After yesterday’s post about my plan to write a Master’s thesis about public space at Expo 86 and Century 21, I decided to inspire some nostalgia for vintage objects from Expos ’67 and ’86. As an expression of my quirky obsession with World’s Fairs, I’ve posted some pictures of memorabilia from the beginning of a possible collection. I haven’t taken the time to critically examine these images, but there’s plenty of material here to do so!
First here’s an Coca-Cola branded Expo ’86 serving tray:
Looks like Coke took the branding opportunity provided by Expo to distort space and create something laughably quirky, emphasizing sugary fun.
This image shows the “map” a little better:
It’s amazing how big the two main cities seem compared to the rest of the province, and how close everything else seems to them. Since I’m thinking about public space in cities after writing my grad application, here are details of Victoria and Vancouver:
These complex cities are summed up, simplified and distorted by an interesting medley of iconic buildings, while others are depicted as brown smudges with black street grids (note Duncan and Richmond in the first detail, for instance). Yet they’re still easily recognizable. I guess that shows the power of iconic architecture!
The next image is of an Expo ’67 tray, which features some fascinating details of six country pavilions. Here’s a picture of the whole thing:
Here’s a detail of Canada’s Pavilion:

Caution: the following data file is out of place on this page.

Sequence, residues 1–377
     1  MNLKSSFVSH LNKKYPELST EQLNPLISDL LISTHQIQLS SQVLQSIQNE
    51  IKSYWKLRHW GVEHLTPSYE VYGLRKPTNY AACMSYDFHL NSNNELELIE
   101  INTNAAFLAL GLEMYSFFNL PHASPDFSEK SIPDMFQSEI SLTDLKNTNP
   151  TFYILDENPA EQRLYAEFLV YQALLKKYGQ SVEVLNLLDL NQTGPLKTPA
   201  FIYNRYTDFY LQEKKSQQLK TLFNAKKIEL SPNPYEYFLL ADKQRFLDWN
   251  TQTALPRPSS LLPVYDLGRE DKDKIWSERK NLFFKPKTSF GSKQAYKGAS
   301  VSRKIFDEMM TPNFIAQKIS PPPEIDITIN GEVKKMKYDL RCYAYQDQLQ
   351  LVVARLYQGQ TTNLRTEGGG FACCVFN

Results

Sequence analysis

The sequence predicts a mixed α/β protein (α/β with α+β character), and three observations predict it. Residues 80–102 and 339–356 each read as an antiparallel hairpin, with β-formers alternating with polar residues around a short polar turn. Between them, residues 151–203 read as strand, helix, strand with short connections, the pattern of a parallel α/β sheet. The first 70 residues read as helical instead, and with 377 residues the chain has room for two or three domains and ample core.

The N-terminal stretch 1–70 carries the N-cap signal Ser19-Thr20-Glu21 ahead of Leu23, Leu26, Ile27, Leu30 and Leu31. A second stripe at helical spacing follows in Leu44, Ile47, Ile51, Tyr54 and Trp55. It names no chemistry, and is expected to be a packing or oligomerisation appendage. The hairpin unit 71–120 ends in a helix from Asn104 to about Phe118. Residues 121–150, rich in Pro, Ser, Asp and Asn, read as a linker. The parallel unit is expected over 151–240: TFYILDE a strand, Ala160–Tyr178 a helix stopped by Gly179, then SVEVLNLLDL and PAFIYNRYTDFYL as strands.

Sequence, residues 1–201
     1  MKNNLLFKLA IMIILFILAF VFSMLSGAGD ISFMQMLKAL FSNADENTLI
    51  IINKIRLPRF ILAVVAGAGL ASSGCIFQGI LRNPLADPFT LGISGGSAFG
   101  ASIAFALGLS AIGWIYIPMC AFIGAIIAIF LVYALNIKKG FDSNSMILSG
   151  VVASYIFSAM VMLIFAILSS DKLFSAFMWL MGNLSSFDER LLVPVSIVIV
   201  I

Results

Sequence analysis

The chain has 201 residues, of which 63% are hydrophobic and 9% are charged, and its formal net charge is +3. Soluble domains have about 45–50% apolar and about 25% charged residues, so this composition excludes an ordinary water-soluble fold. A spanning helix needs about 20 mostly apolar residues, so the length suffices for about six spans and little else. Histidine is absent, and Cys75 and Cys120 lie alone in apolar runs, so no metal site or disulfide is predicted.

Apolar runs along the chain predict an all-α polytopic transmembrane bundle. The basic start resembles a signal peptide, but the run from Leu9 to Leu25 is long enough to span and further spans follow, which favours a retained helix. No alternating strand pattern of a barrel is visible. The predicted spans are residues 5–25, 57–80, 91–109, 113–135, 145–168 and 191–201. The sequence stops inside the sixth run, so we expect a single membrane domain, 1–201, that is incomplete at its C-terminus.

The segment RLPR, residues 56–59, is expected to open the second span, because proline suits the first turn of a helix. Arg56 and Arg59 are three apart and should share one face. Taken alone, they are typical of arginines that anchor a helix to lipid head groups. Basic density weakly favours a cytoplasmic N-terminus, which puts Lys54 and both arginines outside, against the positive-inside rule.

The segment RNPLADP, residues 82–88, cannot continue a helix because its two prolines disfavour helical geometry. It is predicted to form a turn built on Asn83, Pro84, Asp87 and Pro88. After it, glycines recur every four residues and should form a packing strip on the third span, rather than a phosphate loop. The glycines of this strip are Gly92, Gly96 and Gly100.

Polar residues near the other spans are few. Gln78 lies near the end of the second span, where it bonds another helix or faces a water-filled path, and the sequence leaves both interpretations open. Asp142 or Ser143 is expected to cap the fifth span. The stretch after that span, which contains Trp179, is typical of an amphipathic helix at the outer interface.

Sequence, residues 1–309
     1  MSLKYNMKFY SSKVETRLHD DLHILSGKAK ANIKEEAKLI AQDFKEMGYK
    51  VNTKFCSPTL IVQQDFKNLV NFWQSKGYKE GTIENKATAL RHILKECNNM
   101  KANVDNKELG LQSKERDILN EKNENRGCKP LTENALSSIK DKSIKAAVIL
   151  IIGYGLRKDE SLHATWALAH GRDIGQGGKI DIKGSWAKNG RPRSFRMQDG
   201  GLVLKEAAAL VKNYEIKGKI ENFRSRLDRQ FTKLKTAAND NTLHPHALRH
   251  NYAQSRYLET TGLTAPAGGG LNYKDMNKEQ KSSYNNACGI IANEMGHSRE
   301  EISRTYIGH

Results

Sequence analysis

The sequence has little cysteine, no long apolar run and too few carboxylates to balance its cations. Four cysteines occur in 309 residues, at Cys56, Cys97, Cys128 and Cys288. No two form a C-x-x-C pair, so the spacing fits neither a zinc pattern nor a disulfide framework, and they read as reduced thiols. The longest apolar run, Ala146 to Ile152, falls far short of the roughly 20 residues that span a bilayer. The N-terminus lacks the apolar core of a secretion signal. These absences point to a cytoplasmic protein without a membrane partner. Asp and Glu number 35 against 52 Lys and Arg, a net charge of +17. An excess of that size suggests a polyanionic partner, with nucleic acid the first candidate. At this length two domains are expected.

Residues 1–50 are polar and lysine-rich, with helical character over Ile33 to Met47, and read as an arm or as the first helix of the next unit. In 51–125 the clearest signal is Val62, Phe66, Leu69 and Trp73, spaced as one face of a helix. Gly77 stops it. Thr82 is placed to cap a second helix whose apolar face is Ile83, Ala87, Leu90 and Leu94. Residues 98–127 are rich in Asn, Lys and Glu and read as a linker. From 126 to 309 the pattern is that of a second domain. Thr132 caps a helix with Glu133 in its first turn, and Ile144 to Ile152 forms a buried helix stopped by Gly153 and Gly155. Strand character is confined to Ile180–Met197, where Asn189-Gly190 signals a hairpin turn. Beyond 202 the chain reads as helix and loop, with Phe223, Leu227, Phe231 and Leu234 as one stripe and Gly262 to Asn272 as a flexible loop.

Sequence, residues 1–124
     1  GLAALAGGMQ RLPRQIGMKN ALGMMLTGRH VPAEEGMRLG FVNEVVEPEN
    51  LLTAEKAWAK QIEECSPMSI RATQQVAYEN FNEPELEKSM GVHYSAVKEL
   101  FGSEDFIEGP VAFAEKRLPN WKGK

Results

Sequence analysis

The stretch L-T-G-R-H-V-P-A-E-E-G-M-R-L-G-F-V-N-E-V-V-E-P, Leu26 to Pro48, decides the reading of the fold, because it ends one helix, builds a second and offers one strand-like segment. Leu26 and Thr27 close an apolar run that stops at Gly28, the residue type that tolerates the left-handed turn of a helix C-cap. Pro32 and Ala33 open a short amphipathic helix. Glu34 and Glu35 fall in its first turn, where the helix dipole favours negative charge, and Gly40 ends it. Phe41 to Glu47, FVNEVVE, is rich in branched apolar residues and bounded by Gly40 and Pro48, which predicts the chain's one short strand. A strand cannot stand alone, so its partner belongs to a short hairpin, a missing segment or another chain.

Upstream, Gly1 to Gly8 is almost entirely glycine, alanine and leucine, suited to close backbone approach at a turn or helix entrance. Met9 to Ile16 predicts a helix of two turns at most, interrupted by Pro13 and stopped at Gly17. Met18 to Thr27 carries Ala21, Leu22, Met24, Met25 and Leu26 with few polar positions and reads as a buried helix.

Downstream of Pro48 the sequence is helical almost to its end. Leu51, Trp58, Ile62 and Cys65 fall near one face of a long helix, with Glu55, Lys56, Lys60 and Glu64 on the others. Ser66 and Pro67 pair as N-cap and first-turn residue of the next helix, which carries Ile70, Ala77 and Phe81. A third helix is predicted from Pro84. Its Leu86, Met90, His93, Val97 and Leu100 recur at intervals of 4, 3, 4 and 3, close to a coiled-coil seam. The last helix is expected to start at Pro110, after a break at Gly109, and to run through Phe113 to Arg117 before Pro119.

According to this page, the “huge inverted pyramid” was Canada’s main building at its Pavilion, and was called “the Katimavik,” “which means ‘meeting place’ in Inuktitut, the language of the Inuit.” The author claims that “The pyramidal roofs of the principal building give a crystalline effect symbolic of the minerals and metals of Canada.” I’m having trouble sorting out the cultural implications, since I wasn’t aware the Inuit built pyramids, inverted or otherwise. Still, it’s kind of a cool looking building and I wish I had been around then to experience the outpouring of national (and architectural) hope that Expo ’67 represented.
At the bottom right, you can just see the monorail track that snaked through the building during the fair. As a transit geek, I find this really cool!
The final item in my Expo collection is this Expo ’86 lapel pin:
I haven’t had an opportunity to wear it anywhere yet. I guess I kind of missed the party!